Along the Atlantic coast of the U.S., a variety of whale species make their way through offshore waters, moving between breeding and feeding grounds annually. Because we know when these migrations roughly occur, construction can be timed to avoid them, as was the case in Rhode Island where the construction was halted during the migration period of the highly endangered North Atlantic right whales. “The decision was made to stop pile-driving during right whale migration,” explains Bob Kenney, an emeritus marine research scientist at the University of Rhode Island. He emphasizes that understanding the biology of the animal is key, “I wouldn’t put one in a right whale calving ground or Stellwagen Bank, just to be precautionary.” Additionally, underwater sound and electrical fields emanating from the turbines (important for animals like sharks that rely on electro-reception for navigation) can be reduced using dampening technology. Observers on site can keep an eye out for nearby whales during construction and stop work until they are a safe distance away.
Research done on behalf of the Scottish government found that 99 percent of the bird species studied avoid offshore wind turbines. Modeling and radar technology can help show where birds are flying and even find the optimal height for a behemoth structure like a wind turbine so that it doesn’t block their typical flight path. In the case of the Block Island Wind Farm, researchers collected information about the distribution and population size of bird species found offshore. The impact from offshore wind farms was mostly due to the loss of a foraging area, so learning where particular species likes to feed and rest is an important part of making smart siting decisions.
For some marine fish and invertebrates, the structures may even be a good thing. The construction phase can certainly disrupt ecosystems, but once in place, it’s been shown that these types of large structures actually turn into prime fish habitat. Questions certainly remain about the importance of these new habitats, but research has shown they turn into de-facto marine reserves where fish thrive.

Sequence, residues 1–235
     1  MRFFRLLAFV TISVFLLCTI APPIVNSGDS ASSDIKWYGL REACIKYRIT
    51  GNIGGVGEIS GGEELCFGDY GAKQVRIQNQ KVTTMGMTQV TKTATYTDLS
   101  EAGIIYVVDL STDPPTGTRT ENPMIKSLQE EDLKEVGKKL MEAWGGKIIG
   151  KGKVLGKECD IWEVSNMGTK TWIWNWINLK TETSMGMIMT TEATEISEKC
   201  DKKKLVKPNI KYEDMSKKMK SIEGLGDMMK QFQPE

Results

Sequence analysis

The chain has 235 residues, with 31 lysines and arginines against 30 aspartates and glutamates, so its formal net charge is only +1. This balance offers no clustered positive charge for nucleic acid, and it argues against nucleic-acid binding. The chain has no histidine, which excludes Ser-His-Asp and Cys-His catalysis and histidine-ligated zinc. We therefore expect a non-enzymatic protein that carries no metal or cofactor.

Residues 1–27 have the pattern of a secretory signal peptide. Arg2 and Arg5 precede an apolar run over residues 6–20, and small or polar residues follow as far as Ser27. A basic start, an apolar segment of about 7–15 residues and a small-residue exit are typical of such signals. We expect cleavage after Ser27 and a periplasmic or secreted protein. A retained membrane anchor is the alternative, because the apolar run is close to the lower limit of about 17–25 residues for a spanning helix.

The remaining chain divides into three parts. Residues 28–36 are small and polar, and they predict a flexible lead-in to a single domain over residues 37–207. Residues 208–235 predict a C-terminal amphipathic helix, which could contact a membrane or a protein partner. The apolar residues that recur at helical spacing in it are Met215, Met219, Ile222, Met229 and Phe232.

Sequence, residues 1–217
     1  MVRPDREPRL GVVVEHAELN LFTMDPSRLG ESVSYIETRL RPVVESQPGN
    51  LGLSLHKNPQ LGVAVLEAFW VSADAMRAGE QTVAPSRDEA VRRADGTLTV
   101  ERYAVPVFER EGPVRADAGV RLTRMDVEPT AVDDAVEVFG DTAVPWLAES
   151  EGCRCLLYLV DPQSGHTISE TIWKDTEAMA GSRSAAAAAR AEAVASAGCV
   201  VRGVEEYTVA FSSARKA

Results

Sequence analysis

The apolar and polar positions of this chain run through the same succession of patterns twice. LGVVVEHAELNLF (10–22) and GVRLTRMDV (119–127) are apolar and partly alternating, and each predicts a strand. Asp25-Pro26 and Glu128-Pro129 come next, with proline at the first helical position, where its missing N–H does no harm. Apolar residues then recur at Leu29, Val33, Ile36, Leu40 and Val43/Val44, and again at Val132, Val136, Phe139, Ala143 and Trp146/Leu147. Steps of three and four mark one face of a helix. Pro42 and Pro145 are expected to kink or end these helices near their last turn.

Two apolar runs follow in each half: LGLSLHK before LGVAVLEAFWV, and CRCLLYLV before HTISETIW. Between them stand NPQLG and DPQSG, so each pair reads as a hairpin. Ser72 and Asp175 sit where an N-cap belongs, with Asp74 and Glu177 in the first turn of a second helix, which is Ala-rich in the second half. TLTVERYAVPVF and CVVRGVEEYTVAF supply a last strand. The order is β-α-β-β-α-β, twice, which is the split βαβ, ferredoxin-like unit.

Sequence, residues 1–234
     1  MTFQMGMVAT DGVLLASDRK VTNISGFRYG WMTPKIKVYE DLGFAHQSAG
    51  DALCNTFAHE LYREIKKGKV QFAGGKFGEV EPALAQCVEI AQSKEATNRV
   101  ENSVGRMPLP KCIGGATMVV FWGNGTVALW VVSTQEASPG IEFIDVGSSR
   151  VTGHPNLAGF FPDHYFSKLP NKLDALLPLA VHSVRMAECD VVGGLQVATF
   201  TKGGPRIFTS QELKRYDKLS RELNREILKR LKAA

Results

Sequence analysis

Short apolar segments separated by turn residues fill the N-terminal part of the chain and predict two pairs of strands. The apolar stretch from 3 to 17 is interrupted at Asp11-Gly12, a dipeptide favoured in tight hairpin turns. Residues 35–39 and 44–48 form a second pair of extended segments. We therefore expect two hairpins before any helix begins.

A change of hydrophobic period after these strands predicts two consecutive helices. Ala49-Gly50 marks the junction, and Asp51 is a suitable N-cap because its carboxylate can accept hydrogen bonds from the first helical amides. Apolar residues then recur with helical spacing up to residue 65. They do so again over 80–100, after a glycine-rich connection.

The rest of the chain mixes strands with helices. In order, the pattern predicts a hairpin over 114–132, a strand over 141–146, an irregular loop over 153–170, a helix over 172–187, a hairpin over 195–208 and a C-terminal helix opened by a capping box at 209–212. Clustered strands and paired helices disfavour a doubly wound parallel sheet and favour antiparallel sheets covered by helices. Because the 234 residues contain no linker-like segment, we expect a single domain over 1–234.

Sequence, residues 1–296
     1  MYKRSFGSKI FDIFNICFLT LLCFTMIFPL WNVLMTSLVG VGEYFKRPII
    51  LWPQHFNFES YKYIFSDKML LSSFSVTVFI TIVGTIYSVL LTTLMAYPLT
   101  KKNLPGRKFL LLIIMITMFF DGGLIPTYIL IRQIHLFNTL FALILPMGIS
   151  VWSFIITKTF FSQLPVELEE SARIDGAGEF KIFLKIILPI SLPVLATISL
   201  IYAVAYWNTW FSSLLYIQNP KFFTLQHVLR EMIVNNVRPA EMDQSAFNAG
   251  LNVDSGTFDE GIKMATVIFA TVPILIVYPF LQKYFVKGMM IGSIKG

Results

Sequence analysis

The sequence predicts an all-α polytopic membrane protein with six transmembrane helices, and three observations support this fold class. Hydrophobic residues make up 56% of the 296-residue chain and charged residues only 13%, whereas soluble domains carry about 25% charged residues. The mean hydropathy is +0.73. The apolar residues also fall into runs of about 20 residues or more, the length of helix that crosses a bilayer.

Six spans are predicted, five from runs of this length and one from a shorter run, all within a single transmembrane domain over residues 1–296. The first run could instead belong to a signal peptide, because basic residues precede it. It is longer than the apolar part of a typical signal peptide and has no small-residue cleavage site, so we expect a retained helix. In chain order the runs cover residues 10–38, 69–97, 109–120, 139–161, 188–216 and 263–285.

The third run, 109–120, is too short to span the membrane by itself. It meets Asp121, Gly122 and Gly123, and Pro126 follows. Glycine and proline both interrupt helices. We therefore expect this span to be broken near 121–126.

Pulling It All Together
Information about environmental impacts from offshore wind turbines was integrated into the Rhode Island Special Area Management Plan, or SAMP. The SAMP was designed to take into account all different environmental impacts and human uses—along with information about things like average wind amounts, bottom habitat, and water depth—when making decisions about ocean space and resources. By bringing all this information together, the idea is that a well-informed solution will emerge—one that meets the needs of both ecosystems and humans.
It’s not all rosy—many coastal residents still think the expensive structures are an eyesore, and decommissioning may be an issue down the line (the project has a planned 25-year lifespan). Additionally, models like those used in the SAMP are only as good as the information put into them, and the methods of prioritization are inherently human.
Block Island will be an important testing ground and opportunity to gain specific information on the development and impacts of American offshore wind. As more offshore wind projects come online, both construction and wind energy costs are expected to decrease, along with regulatory uncertainty. If the 2015 Department of Energy Wind Vision goal of producing 86 gigawatts of U.S. offshore wind power per year by 2050 is realized, offshore wind would result in “a cumulative reduction of 1.6 billion tonnes of carbon dioxide-equivalents.” Hundreds more offshore wind turbines are currently in the works, including a floating prototype.
“I think they’re worth it,” Kenney says.
This story was made possible by a grant from the Smithsonian Women's Committee. http://swc.si.edu/about-grants